'WYLD" Obstacle Run a Huge Success.
TORRINGTON: If you’re going to do an obstacle course, why not use one that was put there long before your event was planned.
At the WYLD Obstacle Run, held on the magnificent grounds of Camp Moe, one of the challenges facing runners who braved the 3-mile course was a drainage pipe that went under the road on the way down to the lake.
In order to get to their next set of obstacles, participants had to make their way through and out the other side.
Once they got through, they were greeted by a small water hazard for good measure.
Such is the life of an obstacle course and on Saturday morning, hundreds joined in to celebrate two great institutions in the Torrington area. Camp Moe and the YMCA.
“It was a fantastic day here at Camp Moe,” Greg Brisco said. “We are so glad to have the Y, WYLD run back in Torrington after two years away.”
Brisco is the Chief Executive Officer of the Northwestern Connecticut Y and is a strong advocate of anything and everything that has to do with folks; young and old being physically active.
The event had been held over the past two years in Southfield, Massachusetts but found its way back to Torrington and the 200-acre beauty that is Camp Moe.
After thunderstorms that were forecast for the morning were not as severe as first expected, the weather cleared, the humidity lowered and it was challenge wason for the participants, which thrilled the organizer.
“Great day, great course,” Brisco said. “A fantastic amount of kids, adults and families that came out to support us.”
Camp Moe is here due to the extraordinary effort of Katherine Marchand-Beyer who developed the program in 2011 after spending decades working with Camp LARC.
How did she feel about the efforts of all involved?
“Two great agencies came together,” Camp Moe founder Katherine Marchand-Beyer said. “I’m just thrilled with the community at Camp Moe and I am hoping that they all had a great time with the run, but that they also get to see what a great facility we have out here and share that news with others. I hope it leads to them sending their children to Camp Moe.”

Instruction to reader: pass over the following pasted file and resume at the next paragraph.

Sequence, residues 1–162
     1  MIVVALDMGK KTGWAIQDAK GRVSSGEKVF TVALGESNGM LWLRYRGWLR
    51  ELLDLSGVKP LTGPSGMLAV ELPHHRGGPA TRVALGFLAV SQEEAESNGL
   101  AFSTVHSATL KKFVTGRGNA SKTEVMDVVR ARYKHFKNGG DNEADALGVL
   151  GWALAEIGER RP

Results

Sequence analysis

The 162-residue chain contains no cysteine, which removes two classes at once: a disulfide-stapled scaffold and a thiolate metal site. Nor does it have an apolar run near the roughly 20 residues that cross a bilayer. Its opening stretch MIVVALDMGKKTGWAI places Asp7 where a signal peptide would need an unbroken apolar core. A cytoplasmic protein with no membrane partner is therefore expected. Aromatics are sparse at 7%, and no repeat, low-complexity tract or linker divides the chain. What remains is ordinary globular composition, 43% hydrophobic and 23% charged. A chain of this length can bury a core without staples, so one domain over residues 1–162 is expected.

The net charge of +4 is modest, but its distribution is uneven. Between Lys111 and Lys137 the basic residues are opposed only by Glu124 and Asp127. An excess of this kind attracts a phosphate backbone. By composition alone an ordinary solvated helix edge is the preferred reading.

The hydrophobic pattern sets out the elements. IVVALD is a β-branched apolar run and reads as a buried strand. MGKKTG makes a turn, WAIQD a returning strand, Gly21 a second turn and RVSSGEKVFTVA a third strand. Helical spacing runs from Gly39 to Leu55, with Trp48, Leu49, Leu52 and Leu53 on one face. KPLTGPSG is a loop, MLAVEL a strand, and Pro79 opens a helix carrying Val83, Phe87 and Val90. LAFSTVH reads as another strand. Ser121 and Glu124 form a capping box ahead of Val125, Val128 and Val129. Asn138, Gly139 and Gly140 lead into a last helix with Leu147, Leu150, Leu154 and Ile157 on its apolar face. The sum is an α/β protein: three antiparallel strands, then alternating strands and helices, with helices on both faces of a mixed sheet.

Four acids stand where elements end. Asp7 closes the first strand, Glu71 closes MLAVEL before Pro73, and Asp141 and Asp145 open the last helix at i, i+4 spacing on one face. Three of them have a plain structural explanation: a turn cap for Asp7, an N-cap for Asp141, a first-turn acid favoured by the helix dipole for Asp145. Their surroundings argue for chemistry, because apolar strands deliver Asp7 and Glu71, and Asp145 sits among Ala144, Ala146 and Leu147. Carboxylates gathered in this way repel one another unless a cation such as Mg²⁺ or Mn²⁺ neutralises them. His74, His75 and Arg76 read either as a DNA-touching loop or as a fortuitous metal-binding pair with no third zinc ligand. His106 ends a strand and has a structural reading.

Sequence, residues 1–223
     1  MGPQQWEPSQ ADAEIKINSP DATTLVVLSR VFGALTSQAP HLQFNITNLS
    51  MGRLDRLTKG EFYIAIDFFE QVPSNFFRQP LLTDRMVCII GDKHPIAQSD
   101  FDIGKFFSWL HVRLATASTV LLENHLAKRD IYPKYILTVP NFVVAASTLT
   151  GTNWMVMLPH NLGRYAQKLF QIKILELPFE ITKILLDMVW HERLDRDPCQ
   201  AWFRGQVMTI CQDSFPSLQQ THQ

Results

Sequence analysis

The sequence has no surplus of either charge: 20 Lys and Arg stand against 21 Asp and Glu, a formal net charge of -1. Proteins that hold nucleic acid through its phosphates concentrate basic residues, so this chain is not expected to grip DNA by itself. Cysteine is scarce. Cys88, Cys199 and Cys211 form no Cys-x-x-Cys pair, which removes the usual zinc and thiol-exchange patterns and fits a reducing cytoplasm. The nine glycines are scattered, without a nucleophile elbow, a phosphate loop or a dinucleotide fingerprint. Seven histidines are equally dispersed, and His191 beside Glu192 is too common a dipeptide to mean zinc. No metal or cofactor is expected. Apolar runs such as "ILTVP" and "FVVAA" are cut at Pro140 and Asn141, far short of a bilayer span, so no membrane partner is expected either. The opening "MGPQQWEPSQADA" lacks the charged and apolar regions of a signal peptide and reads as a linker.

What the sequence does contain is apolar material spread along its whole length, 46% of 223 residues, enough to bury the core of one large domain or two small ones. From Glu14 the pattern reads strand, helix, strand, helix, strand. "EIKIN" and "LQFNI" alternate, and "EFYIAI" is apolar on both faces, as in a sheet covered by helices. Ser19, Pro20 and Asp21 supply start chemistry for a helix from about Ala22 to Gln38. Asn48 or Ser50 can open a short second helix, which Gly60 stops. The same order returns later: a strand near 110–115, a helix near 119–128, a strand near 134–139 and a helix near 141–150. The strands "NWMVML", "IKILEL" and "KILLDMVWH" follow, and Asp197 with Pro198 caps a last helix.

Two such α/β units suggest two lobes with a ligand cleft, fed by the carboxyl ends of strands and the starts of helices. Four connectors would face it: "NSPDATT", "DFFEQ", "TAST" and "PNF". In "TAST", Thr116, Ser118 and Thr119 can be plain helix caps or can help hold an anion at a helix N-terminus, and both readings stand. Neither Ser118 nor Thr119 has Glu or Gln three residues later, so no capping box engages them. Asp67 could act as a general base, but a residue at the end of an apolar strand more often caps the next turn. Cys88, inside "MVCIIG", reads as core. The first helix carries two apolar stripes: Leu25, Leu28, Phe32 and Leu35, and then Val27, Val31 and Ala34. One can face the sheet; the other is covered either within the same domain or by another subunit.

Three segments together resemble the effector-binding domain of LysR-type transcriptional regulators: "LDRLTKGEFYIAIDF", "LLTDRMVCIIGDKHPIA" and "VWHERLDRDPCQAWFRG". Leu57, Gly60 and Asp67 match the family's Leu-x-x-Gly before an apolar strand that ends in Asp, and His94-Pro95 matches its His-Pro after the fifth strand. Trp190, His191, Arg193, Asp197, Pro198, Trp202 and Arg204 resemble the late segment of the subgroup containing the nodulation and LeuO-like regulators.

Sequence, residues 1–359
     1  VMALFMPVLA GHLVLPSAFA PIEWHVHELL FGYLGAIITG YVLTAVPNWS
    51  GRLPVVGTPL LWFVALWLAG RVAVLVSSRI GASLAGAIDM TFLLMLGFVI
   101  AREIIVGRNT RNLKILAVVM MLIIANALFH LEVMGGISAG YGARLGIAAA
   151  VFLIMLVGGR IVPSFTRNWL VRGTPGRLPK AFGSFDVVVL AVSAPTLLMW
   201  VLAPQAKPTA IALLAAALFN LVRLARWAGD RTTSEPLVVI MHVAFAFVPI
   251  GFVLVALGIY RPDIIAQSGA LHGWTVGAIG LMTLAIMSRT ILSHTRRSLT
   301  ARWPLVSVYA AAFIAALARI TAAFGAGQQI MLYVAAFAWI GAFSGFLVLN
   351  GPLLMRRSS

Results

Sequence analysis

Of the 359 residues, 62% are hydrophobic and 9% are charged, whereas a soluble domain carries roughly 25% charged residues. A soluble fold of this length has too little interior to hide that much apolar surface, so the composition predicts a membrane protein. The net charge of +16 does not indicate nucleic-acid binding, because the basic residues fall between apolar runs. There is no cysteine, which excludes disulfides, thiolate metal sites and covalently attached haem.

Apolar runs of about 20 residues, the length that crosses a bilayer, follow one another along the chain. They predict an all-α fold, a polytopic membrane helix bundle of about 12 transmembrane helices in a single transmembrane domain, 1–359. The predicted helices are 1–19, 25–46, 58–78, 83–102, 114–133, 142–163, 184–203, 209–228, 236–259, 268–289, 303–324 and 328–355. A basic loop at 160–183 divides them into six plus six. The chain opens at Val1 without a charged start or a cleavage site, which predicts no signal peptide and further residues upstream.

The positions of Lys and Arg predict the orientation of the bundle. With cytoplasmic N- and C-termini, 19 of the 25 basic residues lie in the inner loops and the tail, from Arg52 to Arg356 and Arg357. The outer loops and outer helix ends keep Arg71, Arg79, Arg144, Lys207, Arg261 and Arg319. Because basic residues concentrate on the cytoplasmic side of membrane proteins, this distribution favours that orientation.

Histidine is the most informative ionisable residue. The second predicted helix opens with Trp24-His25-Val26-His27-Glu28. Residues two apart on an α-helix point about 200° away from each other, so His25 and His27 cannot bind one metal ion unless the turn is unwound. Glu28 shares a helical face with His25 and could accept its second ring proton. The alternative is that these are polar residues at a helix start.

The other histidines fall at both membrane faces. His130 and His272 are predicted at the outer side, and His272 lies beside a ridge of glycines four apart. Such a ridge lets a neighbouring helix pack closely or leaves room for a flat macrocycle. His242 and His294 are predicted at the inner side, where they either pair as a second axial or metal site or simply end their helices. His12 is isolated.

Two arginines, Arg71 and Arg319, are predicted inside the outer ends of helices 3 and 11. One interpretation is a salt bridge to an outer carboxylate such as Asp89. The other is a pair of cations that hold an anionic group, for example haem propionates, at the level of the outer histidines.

After finding the venue, the real work started for Brisco and a dedicated group of volunteers.
“We have a committee that’s been working for six months on this,” Brisco said. “First of was finding a new location and charting a new course and then for the last six weeks, coming out on a regular basis to build and set up the obstacles. They put a ton of work into it.”
Having an outdoor event leaves organizers at the mercy of Mother Nature who likes to throw in her own obstacles but not on Saturday.
“It couldn’t have been any better,” Brisco said. “Because we thought it was going to be a washout. We were set up, we were ready for the rain but it was nice that the sun came out and made for a great day.”
Anyone who runs an event the size of this understand the magnitude of planning that goes into it and what it usually comes down to is the boots on the ground day of, as it did on Saturday.
“Then today to get a cadre of about 25 volunteers our here to work on the course, to cook and to do registration so it’s really quiet an undertaking,” Brisco said. “Everybody did a great job.”
How do the prospects of coming back to the same location look to the folks who did the planning and saw the results?
“You know,” Marchand-Beyer said. “I see smiling faces, I see people are happy, the sun is shining and it’s a local event. I can only see it growing. I think it’s a win-win for everyone.”
Camp Moe is a day camp for boys and girls from the ages of 5 to 15 years old. It is owned and operated by the Arc of Litchfield and is designed to serve both children with or without special needs.
Everybody is welcome at Camp Moe which has under gone major upgrades over the past year, a welcome development to their founder. The camp opens on Monday for the 2017 season.
“We are absolutely thrilled,” Marchand-Beyer said. “We have done some incredible improvements to Camp Moe this year. We updated out water system and we’ve redone our lodge so now that we have AC in it. We have new siding, roofing and windows. We set up a new adventure area and are hoping to increase our enrollment as we go along.”
Local runners who are familiar faces on the running circuit were on hand on Saturday as well.
“This was fun,” Raider boys basketball coach Eric Gamari said. “The course was smoother than it was in the past, there weren’t as many roots and stuff to go through but it was good. It was a fair lay-out, the obstacles were challenging and it was a good day.”
This is a big picture day with bigger goals in mind, as the organizer spoke about.
“The reason that we do this event,” Brisco said. “Is that the Y’s three areas of focus are Youth Development, Healthy Living and Social Responsibility and we believe that this event hits all three of those. We’re helping kids and families have physical activity, enjoy that and we are raising money for families and kids who can’t afford Y programs.”
Another great effort by two terrific organizations who are so important to the communities they service.
And a storm drain got in on the action to boot.